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Joe Sullivan Q&A

06/22/2012, 2:14pm CDT
By Alec Schimke

The 2012 NLL Head Coach of the Year chats with Alec Schimke of mnswarm.com

Joe Sullivan earned NLL Head Coach of the Year honors in 2012. Photo: John McCabe

We’re a little over a month into the offseason, and if you’re like me, you’re literally pulling your hair out and counting down the days until the start of the 2013 season. Here to help our lacrosse fix is none other than NLL Head Coach of the Year Joe Sullivan, who was nice enough to speak with me earlier this week on a wide number of topics including the upcoming NLL Entry Draft, the playoff loss to Edmonton and summer ball.

Schimke: What’s your reflection process been like this past month and have you had some time to look back on the 2012 season?

Sullivan: I feel really happy about what we accomplished this year with the group that we had. We exceeded expectations and we met the goals that we set for ourselves. A lot of really good things came out of the 2012 season. There were a lot of great milestones that were accomplished as well; Ryan Benesch reaching 100 goals in a Swarm uniform; Kevin Ross having a career season; and all of our rookies making impacts and helping us get to the Division Finals. Everybody was rewarded in one way or another, whether it was through a trophy or through recognition from their peers. I’m probably more excited with what I’ve seen in summer ball and how our guys are playing and where we’re going to be after this great draft coming up for the 2013 season.

Schimke: You mentioned summer ball, have you been keeping close tabs on the guys?

Sullivan: I keep tabs on the guys to make sure that they’re keeping their heads on straight, which they are. That’s essentially why we picked and placed the players that we did. All of our guys that are playing in the WLA (Western Lacrosse Association) have latched on to good teams and are having good seasons. And while some of the teams aren’t doing as well as they hoped for, it seems like our players are leading in a lot of categories. Once again, our guys can have an impact wherever they go and that’s a tip of the hat to our organization.

Schimke: In particular, a majority of the Swarm’s younger players are playing big roles on their summer teams. How will that help them heading into next season?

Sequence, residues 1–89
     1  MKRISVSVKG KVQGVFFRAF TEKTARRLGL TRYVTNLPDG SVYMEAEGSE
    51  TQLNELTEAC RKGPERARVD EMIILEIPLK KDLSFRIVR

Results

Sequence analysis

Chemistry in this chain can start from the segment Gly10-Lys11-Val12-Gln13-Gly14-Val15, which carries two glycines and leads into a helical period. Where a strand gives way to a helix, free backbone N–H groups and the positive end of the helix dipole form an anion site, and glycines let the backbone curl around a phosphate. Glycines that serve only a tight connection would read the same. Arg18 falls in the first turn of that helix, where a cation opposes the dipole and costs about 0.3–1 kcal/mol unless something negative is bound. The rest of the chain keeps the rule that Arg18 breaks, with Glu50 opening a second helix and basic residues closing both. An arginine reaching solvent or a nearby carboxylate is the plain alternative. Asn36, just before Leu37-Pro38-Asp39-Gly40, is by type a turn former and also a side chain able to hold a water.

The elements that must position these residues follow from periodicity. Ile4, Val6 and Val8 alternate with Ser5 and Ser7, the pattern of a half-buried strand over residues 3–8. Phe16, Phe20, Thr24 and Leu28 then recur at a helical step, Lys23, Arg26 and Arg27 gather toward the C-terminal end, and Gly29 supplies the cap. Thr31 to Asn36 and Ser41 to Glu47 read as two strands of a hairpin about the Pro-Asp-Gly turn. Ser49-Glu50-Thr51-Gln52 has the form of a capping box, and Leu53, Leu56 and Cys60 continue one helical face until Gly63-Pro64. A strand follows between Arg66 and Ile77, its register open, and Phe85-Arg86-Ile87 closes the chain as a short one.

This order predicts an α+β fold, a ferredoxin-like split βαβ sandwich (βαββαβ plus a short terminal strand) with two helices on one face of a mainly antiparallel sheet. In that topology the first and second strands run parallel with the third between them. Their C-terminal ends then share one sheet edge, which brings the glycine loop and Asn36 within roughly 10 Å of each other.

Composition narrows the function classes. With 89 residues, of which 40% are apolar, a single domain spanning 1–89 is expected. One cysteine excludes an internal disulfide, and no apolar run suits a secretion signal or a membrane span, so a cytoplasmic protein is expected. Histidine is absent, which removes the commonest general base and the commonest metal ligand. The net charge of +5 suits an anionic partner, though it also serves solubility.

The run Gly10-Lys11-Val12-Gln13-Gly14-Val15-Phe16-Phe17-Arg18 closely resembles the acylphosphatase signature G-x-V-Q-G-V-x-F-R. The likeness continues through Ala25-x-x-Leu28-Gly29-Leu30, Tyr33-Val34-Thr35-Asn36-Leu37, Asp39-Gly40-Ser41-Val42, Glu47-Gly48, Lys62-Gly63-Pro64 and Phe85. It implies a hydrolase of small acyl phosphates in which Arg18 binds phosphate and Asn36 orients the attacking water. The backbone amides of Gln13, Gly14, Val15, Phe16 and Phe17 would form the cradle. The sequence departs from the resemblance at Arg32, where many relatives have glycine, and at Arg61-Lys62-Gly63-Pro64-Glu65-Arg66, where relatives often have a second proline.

Sullivan: Well, all of these guys are kind of overflowing with confidence in themselves and their abilities. We have a bunch of character guys on this team who have a lot of confidence and are key players. Whenever you find that kind of a makeup in a player, it physically becomes infectious on the team that you are with. These guys are all getting great opportunities, every one of them. I’m looking at Dan Ball for example, who is playing for Brooklin. He played in very limited minutes last year with the Redmen and is coming off a great season with the Swarm. Now he’s on their shortman and is playing a ton for them this summer. The minutes that he’s going to pick up there will be instrumental on his development and putting us one-step closer to that Champion’s Cup in 2013.

Schimke: Stepping back for a second, let's talk about the playoff loss against Edmonton in the West Division Finals. Obviously the end result was not what the team had hoped for, but how can this young squad use that loss as a learning lesson moving forward?

Sullivan: It was a really tough game. I’ve watched it too many times now to even think about it. I believe we were well prepared and I believe that our guys were excited to play. I think everyone felt that we were as well equipped as we could be to play the Rush, a team that we had success against in the past. I have to tip my hat to those guys (Edmonton) and they played us well. When I look back on it, there are some things that I need to change going forward. That’s all part of the learning curve. Unfortunately it came for us during our last game. I’m better for it and our team is better for it. You live and learn, and we now know how quickly a great season can come to an end.